Back in February and March when we got reasonably strong employment numbers, some of us noted how unusually good weather likely inflated job growth (see last paragraphs). That is why we were not especially surprised that the March job numbers came in below the average for the prior three months and many economists' expectations.
However, the news stories today were filled with accounts from surprised economists who discovered the influence of the weather on economic data. This stuff really is not rocket science.
In the winter months we usually get some serious snowstorms in the Northeast and Midwest. This means construction sights get shutdown and project starts are delayed. People will be less likely to go out to restaurants when the streets are covered with snow or it's below zero. The same applies to shopping at the mall or buying a new car. If the weather is really bad, factories will shut down because they can't get necessary supplies.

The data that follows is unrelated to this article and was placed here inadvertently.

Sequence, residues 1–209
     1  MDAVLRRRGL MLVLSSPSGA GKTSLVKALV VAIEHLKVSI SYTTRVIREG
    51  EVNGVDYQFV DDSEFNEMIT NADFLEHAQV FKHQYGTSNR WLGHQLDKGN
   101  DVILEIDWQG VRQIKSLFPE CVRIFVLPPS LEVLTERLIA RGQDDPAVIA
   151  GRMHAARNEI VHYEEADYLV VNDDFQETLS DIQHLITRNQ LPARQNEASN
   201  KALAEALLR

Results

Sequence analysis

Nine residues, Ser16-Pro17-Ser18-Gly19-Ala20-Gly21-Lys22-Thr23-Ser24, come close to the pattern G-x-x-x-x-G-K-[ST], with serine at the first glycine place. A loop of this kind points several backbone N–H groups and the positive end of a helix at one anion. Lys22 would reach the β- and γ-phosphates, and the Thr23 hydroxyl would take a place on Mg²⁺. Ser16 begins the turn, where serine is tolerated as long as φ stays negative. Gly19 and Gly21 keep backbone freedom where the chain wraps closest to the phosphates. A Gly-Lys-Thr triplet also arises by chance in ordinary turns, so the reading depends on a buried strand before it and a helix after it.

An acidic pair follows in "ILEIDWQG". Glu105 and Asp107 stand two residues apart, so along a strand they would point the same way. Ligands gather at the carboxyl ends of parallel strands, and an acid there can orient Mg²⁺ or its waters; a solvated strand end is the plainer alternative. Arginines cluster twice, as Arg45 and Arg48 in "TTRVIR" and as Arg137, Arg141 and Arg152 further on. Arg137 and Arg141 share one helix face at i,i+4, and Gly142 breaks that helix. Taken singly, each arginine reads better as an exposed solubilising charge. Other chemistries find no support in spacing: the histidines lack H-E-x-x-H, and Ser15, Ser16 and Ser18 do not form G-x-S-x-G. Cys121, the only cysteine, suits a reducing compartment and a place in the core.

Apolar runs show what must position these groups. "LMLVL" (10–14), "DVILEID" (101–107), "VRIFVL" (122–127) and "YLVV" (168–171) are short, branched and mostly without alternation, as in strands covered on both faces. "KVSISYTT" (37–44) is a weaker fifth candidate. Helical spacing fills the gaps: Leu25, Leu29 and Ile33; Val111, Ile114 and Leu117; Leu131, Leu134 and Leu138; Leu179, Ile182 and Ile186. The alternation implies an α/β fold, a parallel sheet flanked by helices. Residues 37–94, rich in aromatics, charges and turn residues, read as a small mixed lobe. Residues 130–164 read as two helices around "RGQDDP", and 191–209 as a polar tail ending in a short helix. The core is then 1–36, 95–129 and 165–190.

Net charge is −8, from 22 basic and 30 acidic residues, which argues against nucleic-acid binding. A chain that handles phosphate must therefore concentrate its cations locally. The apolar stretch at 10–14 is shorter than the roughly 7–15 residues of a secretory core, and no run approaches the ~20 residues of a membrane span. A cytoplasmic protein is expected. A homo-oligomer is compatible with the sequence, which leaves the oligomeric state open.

None of this happened this winter which meant that job growth was better in the winter months than would ordinarily be the case. But if we didn't get the winter weakness that we expect, then we won't see the same spring bounce that we usually get.
People were hired in January or February who would not ordinarily be hired until March or April. Similarly, people who bought their car in the winter months will not be buying another one in the spring.
None of this means that the economy is about to sink into recession. It just means that some of the growth from the spring months was pulled forward to the winter months. It's no big deal and there is no excuse for anyone who does this stuff for a living to be surprised.
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